#Take6Trips in Korea Challenge: Naksan and Anmok Beach
Maybe we should’ve called our Take 6 Trips in Korea Challenge, the Take 6 Trips to the Beach in Korea Challenge instead, because so far, that seems to be all we’ve managed to do.
Hey, what can we say? We like the beach. 🙂
Our first trip in Korea this year, took us to New Natural Wonder of the World, Jeju Island, (which granted, is a whole lot more than just beaches), and the second found us exploring the quirky Suncruise Resort at Jeongdongjin Beach.
For our third journey around the peninsula, we found ourselves on 2 different beaches on Korea’s East Coast. First, on Naksan, and then Anmok Beach.
A lot of expats rave about Naksan Beach, with many even calling it the “best beach” in Korea. So we were definitely curious to check it out for ourselves.
First impressions were good. Naksan was a wide, spacious 4 kilometre swathe of beige-ish sand set in front of the massive ocean, and backed by the usual Korean beach suspects – convenience stores, shellfish BBQ restaurants and motels. Far in the distance, we spied 1,300 year old Naksansa Temple with the white granite visage of Haesugwaneumsang (해수관음입상) or the Bodhisattva of Mercy, gazing out towards the sea in peaceful meditation.
As the day wore on however, we became a little less enamoured with Naksan Beach. I’m not sure if it was because of the time of year we visited (last weekend of August), but the sand was pretty muddy and not very soft, and the water never quite turned into a lovely enough shade of blue to satisfy us.
I secretly wished we’d headed back to our old standby – Gyeongpodae, for the last beach weekend of the year, but of course, it’s always great to check out new places…even if it doesn’t end up meeting your expectations. At least you know for next time! :p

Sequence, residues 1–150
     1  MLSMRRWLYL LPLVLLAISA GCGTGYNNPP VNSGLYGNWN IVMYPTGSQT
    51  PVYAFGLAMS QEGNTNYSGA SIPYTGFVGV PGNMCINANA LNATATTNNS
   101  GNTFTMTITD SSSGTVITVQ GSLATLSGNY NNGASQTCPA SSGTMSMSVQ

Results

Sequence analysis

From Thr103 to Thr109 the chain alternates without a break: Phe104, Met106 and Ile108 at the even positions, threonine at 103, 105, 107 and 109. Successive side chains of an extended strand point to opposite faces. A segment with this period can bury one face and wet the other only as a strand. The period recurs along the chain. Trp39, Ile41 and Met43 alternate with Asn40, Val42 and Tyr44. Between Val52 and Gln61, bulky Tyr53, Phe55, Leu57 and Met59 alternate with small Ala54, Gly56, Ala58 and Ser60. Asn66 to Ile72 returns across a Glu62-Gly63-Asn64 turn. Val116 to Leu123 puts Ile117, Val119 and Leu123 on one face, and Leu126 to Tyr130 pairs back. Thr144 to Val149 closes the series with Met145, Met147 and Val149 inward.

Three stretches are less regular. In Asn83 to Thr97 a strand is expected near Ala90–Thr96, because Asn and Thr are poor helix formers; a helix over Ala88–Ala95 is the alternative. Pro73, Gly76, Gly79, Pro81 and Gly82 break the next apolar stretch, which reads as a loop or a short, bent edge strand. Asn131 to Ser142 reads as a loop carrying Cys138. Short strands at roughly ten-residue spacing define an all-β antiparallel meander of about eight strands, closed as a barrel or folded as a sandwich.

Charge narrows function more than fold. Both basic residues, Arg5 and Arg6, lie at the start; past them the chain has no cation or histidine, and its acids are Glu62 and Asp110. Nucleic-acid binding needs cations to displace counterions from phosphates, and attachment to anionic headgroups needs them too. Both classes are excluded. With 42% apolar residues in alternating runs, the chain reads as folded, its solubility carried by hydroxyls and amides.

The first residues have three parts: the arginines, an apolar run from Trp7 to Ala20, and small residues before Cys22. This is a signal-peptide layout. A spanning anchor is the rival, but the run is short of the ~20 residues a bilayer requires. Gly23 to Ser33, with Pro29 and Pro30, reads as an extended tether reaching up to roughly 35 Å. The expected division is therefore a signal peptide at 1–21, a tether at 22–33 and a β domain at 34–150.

The great thing about finally having a car (thanks Baby Naia for making us to get one), is that you’re not forced to stay somewhere you don’t really want to. Of course, you never really are, but a car sure makes getting around a lot easier.
And since we were feeling rather lukewarm about Naksan, the next day, we decided to check out a beach we’d stumbled upon by accident, while searching out our dinner, the night before.
I’d never heard of Anmok Beach, but it’s apparently quite famous amongst locals, for the “Coffee Street” that backs it, and I’d agree that’s it’s pretty great. There were at least 3 or 4 unique cafes that I could’ve easily spent the day in, but we wound up in the newly opened 3 story Bossa Nova. It did not disappoint with good coffee, delicious pastries, and a gorgeous view of the sea out of floor to ceiling glass windows.
And what a sea it was. Where Naksan had disappointed with washed out colours, Anmok delivered with creamy-toned fine sand and vivid blue water. The only annoyance was the constant drive-bys of seadoos trying to entice customers to use them, which filled the air with the odor of gasoline and the whining noise of their motors. This could easily be avoided by setting up camp at the far end of the beach, and well, unfortunately, there’s no escaping this type of thing on a Korean beach – it’s part of the culture.
Anomok Beach itself wasn’t as developed as Naksan – we saw no umbrellas for rent and no vendors walked by offering us bingsu, fruits or grilled squid – but I much preferred Anmok to Naksan. It felt like a more modernized version of the usual Korean beach experience. One that I’d definitely like to visit again.
Getting to Anmok Beach
To get to Anmok Beach, take an express bus to Gangneung Express Bus Terminal, from either Seoul Express Bus Terminal or Dong Seoul Bus Terminal. From Gangneung, take a 20 minute (9,000krw), taxi ride to the beach.
Where We Stayed
We stayed at the AarkHouse in Gangneung City. Our group of 5 people took up most of a 6 bed dorm. The hostel was super cute, the beds were clean and comfortable, and a decent breakfast of eggs and fruit was included. We booked on AirBnB, but recently AirBnb was deemed illegal in Korea. Not too sure of the ramifications of that ruling yet…but for now, it seems like it’s still up and running.
There were a few minor issues – the room was pretty hot, with little ventilation, and not much sleep was had, because of the sheer number of mosquitos – but I’d still recommend staying there for a few days. Warning though – there’s only 1 bathroom for several dorm rooms to share.
With just 2 months left in the year, winter upon us, and a newborn in the house, we’ve still got 3 trips left to take to complete our #Take6Trips in Korea Challenge. Do you think we’ll succeed?